Documentary 2005 NR 85 minutes. Using carefully reenacted courtroom scenes, director Franny Armstrong brings the other trial of the century to life, chronicling the world-famous libel suit brought by fast-food franchise McDonald’s against British activists Helen Steel and Dave Morris. The two activists were sued my McDonald’s for handing out fliers critical of Mc Donald’s. They refused to apologize, and the trial lasted over a year. They did not have a lawyer and represented themselves in an attempt to prove that their claims were not false. This is the story of a big corporation making a mistake and suing people for speaking their mind… which leads to these same people still speaking their mind, except now they have a national (and unltimately international) stage. It shows the extent that companies are willing to go to, simply to protect their profit. Far from focusing on hamburgers and fries, this fascinating documentary tells the story of two ordinary folks who endure a Big Mac attack of epic proportions — just for asking a simple question. This is an enlightening, frightening, and intriguing documentary, of two working-class folk and their court battle against a global corporation’s attempts to quell dissent and free speech. It is also a revealing expose of the bombardment of advertising that is squarely aimed at children (“they exert immense influence on their parent’s choices of where to eat”); unsanitary and barbaric food processing; mechanized working environments and paltry wages; and fast food’s influence on obesity and health problems. Equally as appalling was McDonald’s expenditure of millions of dollars to hire a high-powered legal team, whilst David and Helen ended up representing themselves in court. Drained but determined, these two managed to fight their own battle, and also to establish a Web site to keep the spotlight burning. The documentary is a wake-up call for more responsible consumerism, and even more significantly, for greater participation in the world in which we live.
The Natural History of the Chicken
Documentary 2001 NR 60 minutes. Although chicken is a staple in the diet of most Americans, the history of this tasty bird has yet to be really explored — until now. Poultry is as popular as ever as an entrée choice, and this tongue-in-cheek documentary sets out to uncover the truth about the bird that has touched the lives, and stomachs, of so many. Included are amusing and often surprisingly touching stories that will forever change your view of the flavorful fowl.
Dive!: Living Off America’s Waste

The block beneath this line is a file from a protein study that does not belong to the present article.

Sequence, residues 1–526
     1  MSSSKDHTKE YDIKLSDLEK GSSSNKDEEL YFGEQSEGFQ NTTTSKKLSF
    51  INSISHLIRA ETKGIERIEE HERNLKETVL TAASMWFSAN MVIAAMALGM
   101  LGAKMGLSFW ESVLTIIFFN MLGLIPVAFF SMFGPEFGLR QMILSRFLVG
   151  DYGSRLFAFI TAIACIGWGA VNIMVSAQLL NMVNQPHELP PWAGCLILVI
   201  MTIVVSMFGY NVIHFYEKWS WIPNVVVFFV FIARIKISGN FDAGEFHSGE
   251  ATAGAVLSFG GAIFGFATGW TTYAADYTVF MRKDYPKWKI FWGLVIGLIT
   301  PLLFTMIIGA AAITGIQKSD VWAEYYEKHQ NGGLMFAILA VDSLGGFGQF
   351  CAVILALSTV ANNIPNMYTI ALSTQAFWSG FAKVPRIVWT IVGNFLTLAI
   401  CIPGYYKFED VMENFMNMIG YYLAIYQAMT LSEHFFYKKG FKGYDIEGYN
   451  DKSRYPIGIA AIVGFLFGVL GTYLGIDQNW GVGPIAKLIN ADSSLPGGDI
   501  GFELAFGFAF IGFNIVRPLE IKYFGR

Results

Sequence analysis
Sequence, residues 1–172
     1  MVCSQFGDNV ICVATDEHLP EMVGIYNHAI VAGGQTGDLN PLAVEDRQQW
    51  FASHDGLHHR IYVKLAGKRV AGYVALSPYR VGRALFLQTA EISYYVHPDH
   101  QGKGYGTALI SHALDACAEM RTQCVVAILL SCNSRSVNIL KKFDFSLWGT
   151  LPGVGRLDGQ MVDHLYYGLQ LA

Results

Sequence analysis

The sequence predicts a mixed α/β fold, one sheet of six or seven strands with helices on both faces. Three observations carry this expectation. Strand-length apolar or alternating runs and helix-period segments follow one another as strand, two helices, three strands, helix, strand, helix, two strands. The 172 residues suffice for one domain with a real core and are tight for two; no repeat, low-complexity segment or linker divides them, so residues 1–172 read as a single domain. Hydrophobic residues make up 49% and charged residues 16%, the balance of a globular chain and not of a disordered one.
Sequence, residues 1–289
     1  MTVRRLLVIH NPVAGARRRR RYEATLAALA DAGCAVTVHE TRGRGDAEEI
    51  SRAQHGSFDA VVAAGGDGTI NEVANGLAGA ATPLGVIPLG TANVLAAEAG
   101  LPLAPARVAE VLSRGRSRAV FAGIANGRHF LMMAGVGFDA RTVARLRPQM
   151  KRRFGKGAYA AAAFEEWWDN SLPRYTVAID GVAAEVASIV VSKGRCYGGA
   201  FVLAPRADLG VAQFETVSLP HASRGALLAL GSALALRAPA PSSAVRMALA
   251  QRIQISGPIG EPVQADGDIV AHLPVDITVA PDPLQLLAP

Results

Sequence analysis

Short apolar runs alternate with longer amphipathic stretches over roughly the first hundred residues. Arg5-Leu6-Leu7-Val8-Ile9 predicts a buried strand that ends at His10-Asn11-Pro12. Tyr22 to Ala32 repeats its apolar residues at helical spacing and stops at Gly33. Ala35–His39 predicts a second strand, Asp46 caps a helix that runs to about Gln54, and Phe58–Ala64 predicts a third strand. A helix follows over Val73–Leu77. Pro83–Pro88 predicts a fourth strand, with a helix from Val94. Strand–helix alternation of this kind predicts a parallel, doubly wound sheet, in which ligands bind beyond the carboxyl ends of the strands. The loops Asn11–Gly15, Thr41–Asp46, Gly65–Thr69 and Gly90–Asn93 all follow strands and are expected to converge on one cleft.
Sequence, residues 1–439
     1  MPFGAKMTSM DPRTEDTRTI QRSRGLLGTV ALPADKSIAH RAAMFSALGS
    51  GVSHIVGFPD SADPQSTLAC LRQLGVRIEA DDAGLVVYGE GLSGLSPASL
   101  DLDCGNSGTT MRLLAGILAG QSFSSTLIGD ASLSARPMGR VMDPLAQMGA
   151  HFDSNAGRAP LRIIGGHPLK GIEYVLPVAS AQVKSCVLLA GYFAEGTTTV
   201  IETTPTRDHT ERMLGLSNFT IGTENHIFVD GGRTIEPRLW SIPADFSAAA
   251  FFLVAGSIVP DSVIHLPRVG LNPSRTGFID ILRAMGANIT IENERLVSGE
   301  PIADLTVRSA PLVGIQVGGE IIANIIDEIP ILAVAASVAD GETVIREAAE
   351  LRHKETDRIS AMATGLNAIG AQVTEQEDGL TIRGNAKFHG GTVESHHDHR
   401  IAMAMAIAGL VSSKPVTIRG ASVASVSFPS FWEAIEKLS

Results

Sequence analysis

Documentary 2010 NR 52m. Digging into the hidden recesses of the American food industry, this eye-opening documentary reveals the appalling amount of edible, nutritious goods that are thrown away — wasted — every day in a nation where millions of citizens still go hungry.
The Gleaners and I
(Les glaneurs et la glaneuse)
Documentary 2000 NR. About gleaners finding food after harvests in French fields. Inspired by Jean-François Millet’s famous painting “Les Glaneuses,” filmmaker Agnes Varda strikes out with just a hand-held digital camera in search of the modern equivalent of Millet’s grain field gleaners. She finds her quarry at dumpsters, outdoor markets and roadsides across France. Varda’s no-holds-barred documentary about scavengers and recyclers is an insouciant treat from beginning to end, with an unexpectedly obtuse perspective.
Drama 1987 G 103 minutes. Philippa and Martina turn down a chance to leave their town, instead staying to care for their father. Decades later, Philippa and Martina take in a French woman who prepares a grand feast in gratitude — a lavish meal eclipsed only by her secret.
Sci-Fi 1973 PG 97 minutes. Set in a polluted, congested New York City in 2022, this sci-fi thriller stars Charlton Heston as Robert Thorn, a gumshoe looking into the murder of a corporate executive (Joseph Cotten) whose company makes a nutritious synthetic food called Soylent Green. But in the process of tracking down the killer, Thorn unearths shocking information about the product’s ingredients. The cast also includes the great Edward G. Robinson in his last film
Documentary Frontline 2002. A recent study by the Centers for Disease Control found that a single fast-food hamburger contained beef from more than 100 cows. In the last few decades, American meat production has become a highly mechanized and centralized industry, bringing about significant changes not only in the way meat is produced but also in the way Americans eat. These changes have forced the U.S. Department of Agriculture to institute a new meat inspection process, which gives far greater control to the powerful meat industry. This spring, Frontline investigates the modern meat industry and the safety of our current meat supply.
In Our Children’s Food
Documentary Frontline 1993. Frontline traces the 30 year history of US pesticide use, regulation and scientific study and explores what is and is not known about the risks of agricultural chemicals in our food. The program, reported by Bill Moyers, examines how the government has failed to certify pesticide safety and why the only source of data on the safety of pesticides is the industry that profits from them.
To the Last Fish
Documentary Frontline 1991. Correspondent Al Austin looks at the mass environmental destruction of the world’s fisheries caused by new technologies in the fishing industry. Interviews with fishermen, businessmen, scientists, and government leaders reveal how the vital marine resource is in a dangerous state of decline.
FILMS ON FOOD GROWING
FILMS ON FOOD GMO
FILMS ON JUNK FOOD
Must-See Movies—For What You Need to Know